Animal models of schizophrenia revisited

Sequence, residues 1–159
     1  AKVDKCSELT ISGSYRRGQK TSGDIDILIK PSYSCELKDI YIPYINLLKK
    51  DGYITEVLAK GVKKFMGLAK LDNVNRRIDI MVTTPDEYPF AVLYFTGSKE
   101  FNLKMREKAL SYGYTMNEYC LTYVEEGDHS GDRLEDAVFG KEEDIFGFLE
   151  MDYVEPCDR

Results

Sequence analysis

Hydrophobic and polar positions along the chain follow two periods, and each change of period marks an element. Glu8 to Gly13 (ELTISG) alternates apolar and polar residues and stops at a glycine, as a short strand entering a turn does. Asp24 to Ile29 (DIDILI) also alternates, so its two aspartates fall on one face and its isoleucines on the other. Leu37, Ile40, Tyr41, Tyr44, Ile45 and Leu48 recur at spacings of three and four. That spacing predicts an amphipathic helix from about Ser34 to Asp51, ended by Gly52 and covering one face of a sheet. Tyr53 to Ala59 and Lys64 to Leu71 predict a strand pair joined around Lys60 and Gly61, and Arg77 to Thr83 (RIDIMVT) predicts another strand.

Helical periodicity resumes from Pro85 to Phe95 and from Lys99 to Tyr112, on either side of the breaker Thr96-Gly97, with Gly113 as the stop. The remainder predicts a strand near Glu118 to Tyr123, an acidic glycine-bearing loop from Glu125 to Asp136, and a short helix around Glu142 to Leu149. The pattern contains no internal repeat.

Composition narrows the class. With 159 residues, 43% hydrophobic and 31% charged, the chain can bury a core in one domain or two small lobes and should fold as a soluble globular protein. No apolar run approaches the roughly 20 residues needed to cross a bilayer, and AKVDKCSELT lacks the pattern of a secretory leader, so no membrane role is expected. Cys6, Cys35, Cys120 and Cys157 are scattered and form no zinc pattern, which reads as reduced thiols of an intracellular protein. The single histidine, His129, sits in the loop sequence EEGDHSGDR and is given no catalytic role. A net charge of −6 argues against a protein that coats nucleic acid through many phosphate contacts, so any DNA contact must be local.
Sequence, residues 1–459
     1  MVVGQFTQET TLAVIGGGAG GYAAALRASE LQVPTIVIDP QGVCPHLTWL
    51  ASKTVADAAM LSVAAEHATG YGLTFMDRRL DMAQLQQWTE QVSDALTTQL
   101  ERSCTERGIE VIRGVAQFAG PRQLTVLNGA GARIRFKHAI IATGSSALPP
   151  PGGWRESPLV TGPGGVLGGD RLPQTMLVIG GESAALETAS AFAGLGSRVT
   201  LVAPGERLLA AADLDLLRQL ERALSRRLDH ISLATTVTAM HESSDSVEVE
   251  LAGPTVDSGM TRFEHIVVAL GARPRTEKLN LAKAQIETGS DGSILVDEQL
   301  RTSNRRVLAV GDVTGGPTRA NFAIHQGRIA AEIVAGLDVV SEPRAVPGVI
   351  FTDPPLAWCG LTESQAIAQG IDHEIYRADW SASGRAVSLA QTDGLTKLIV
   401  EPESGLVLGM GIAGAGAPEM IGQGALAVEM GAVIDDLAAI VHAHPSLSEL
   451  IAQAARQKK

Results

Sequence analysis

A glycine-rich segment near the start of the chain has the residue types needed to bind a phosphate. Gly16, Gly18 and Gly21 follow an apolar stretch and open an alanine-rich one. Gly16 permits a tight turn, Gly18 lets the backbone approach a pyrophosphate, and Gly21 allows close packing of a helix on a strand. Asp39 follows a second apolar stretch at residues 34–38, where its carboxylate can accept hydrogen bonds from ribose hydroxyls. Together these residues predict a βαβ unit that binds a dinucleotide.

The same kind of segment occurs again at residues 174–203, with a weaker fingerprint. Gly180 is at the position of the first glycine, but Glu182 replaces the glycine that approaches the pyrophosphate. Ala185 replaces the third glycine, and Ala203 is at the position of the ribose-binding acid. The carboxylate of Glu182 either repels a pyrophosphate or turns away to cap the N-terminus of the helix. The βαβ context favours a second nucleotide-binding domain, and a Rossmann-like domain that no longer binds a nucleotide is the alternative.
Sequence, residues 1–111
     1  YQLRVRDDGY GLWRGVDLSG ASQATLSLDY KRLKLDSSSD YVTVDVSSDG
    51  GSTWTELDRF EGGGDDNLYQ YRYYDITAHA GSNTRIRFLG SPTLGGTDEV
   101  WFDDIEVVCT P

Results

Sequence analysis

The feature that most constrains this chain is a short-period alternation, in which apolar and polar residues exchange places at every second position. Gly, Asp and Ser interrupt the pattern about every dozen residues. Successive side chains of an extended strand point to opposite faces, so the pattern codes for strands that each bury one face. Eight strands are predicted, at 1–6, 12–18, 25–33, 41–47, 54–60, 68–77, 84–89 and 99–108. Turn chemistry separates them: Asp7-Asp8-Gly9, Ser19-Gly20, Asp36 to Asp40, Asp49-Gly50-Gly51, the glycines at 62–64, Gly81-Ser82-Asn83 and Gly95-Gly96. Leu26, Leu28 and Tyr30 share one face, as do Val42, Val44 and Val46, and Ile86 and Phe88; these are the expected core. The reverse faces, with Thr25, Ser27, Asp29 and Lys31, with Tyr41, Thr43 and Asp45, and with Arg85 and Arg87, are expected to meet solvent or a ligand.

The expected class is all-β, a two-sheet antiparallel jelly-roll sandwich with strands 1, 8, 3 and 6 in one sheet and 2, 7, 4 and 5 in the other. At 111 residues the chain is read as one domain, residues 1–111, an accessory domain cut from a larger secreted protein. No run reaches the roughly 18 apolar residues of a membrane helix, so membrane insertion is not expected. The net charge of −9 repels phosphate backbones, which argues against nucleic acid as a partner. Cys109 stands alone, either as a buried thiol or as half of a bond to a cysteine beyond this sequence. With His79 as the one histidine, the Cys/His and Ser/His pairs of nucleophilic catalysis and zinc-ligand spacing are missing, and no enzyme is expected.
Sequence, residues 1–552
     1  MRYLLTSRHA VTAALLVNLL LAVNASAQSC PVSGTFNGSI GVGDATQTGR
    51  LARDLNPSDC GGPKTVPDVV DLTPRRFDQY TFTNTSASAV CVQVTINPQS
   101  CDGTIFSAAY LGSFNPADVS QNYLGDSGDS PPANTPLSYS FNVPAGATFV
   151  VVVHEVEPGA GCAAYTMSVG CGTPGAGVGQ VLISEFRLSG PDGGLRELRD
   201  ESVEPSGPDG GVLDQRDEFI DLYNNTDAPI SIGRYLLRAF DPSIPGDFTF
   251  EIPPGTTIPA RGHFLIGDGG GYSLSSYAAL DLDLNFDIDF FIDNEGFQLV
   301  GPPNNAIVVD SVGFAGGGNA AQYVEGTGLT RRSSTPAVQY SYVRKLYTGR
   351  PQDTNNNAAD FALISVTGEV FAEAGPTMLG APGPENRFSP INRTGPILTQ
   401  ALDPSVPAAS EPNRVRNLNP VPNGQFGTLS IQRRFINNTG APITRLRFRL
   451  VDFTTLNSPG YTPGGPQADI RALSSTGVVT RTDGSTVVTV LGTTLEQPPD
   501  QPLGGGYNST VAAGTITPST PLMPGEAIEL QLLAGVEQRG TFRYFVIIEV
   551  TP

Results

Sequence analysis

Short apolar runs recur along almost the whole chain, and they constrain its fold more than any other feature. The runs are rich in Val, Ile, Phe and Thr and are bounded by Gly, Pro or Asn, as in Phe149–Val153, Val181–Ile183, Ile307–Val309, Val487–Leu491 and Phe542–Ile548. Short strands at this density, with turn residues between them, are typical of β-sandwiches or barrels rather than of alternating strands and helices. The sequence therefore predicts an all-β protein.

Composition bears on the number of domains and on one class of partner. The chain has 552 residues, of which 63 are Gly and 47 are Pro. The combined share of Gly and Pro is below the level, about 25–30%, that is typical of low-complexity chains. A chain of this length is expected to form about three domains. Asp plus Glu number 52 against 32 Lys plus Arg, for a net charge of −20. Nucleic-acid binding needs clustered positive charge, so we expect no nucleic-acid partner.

Introduction Perhaps no other topic in behavioural neuroscience or psychopharmacology has been so controversial or maligned; yet the validity of animal models of schizophrenia remains one of the most important and contemporary issues in the entire field of translational and clinical neuroscience. This paradoxical position has arisen partly from the reappraisal of the significance of the cognitive deficits in schizophrenia and from a perception of the need to pursue new hypotheses concerning the understanding of the positive and negative symptoms of this disorder, as well as their neural and neurochemical substrates. When considering the concept of “animal models” of human neurological or neuropsychiatric disorders, there are several considerations that need to be taken into account, particularly in the case of schizophrenia. Animal “models” of neurodegenerative diseases such as Huntington’s and Alzheimer’s diseases will ultimately have been indispensable for defining the causal role of specific forms of molecular pathology and also for assessment of new therapeutic strategies based, for example, on neuroprotection. Some of these diseases have a clear genetic basis, and may even be monogenic in nature; hence genetic models are plausible and are also more than likely to be useful. But this is not the case in schizophrenia. Although much is known about the neurobiological correlates of the disorder, these do not include any reliable information about its molecular pathology, and, like many neuropsychiatric disorders, its genetic involvement is complex, generally depending on multiple genes, each likely to have only small effects. Thus modelling a single genetic change using transgenic preparations is unlikely to capture any of the complexity of the complex syndrome that is schizophrenia. An additional problem concerns the bizarre and subjective nature of many of the symptoms in schizophrenia such as hallucinations and delusions; it is notoriously difficult to relate such symptoms to what is likely to be observed in, for example, a murine model. Understandably, these difficulties have led to assertions that it is impossible to provide an animal model of schizophrenia.